Free Range
Emu Farm

Toodyay, 6566 West Aust
ABN 20 608 808 281

 

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  Frequently Asked Questions

What is an emu?
An emu is a "ratite" - a flightless bird. The ratite group also includes ostrich and kiwi. The mature emu is five to six feet tall, weighing between 90 and 120 pounds. The curious birds are born with black and white striped feathers but are tan, brown, and black as adults.

When do emus begin reproduction?
Emus begin laying eggs as early as 16-18 months of age, but laying normally begins at two to three years. Emus lay large green eggs between November and March. Emus can be productive for more than 20 years and can lay 20-50 eggs in a season.

Where does emu oil come from?
Emu oil comes from a thick pad of fat on the back of the bird that was initially provided by nature to protect the animal from the extreme temperatures of its Australian homeland.

What does emu meat taste like?
With more protein and less calories and sodium than most other red meat, emu meat is similar in taste and texture to lean beef.
 
What is the best way to cook emu meat?
Since emu meat is low fat and loses moisture quickly, it is best when cooked to rare or medium rare doneness (145º to 160º F internal temperature as measured by a meat thermometer). For those who prefer meat that is well done, a moist heat cooking method is recommended.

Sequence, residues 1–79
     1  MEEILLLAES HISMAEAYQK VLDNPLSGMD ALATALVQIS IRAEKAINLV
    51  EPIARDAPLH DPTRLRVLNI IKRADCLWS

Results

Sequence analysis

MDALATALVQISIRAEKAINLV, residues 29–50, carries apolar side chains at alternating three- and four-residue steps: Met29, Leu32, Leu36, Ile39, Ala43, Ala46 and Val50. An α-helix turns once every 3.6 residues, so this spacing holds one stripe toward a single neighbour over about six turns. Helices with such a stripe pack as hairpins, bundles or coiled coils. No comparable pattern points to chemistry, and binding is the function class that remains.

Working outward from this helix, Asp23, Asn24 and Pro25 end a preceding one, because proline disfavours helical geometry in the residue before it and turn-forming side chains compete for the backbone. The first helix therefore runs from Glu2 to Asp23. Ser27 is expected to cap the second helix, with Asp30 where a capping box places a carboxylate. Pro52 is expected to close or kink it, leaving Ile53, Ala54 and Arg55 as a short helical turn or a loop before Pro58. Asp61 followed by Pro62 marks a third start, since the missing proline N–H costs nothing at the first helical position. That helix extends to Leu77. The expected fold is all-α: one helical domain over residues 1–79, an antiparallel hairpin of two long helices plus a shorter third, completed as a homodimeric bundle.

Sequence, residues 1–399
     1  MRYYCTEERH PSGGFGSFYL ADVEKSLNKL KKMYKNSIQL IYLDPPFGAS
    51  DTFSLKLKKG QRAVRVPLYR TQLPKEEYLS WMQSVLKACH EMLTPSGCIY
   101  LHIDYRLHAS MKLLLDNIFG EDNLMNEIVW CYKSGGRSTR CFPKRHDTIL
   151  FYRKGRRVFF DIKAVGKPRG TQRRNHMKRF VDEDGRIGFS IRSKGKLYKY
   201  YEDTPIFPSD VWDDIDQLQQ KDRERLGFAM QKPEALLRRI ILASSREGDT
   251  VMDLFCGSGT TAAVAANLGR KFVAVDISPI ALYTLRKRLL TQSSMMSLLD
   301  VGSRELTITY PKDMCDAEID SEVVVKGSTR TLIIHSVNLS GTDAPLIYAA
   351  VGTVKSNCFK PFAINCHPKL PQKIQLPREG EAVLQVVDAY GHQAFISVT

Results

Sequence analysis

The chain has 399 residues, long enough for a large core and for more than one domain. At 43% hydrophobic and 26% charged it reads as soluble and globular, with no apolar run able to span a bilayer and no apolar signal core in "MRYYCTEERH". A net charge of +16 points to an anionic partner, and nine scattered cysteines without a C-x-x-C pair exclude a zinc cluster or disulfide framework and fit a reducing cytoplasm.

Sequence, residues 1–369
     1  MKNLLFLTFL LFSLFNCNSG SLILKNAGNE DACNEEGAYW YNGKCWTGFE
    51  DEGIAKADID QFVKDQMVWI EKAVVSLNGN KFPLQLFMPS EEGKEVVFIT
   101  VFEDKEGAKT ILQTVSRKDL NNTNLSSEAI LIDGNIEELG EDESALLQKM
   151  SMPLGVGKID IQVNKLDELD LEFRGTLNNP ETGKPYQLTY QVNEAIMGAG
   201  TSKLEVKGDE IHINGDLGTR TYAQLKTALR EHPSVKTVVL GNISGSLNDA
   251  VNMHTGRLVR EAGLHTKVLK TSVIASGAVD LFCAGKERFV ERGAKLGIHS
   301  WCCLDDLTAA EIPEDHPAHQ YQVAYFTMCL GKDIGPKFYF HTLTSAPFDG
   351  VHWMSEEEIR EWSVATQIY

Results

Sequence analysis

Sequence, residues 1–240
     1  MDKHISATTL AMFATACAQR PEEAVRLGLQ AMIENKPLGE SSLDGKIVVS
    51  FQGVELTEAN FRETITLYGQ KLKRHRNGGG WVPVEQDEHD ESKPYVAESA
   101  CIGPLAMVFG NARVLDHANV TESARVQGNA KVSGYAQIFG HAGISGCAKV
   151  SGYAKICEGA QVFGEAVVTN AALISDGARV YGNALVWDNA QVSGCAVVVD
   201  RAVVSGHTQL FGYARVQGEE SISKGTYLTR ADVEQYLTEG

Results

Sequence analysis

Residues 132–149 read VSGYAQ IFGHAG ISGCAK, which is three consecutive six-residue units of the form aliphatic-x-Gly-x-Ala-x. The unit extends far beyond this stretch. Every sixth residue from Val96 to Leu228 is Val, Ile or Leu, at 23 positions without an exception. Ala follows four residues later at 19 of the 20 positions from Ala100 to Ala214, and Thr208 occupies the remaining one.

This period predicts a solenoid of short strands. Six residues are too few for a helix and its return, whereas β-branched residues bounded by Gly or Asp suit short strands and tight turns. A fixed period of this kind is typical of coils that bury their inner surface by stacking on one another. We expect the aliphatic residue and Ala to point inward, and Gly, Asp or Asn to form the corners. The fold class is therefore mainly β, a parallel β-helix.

What is emu oil used for?
Emu oil has been reported to help in the promotion of skin moisture, epidermal healing, pain relief of arthritis and skin cell growth. Emu oil is also reported to lower cholesterol when taken internally. Emu oil, from some suppliers (including Wilderness Emu Ranch) has been approved as a dietary supplement. From these suppliers it is safe for human ingestion.
 
When would I use emu oil?
Emu oil may help with muscles sore from exercise, arthritis and/or rheumatic pain, or other minor aches, pains and dry skin.

Apply emu oil to the affected area and then massage the oil into the painful area until all of the oil is absorbed. Apply as often as needed and remember - a little goes a long way.
 

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Roz Bailey

 


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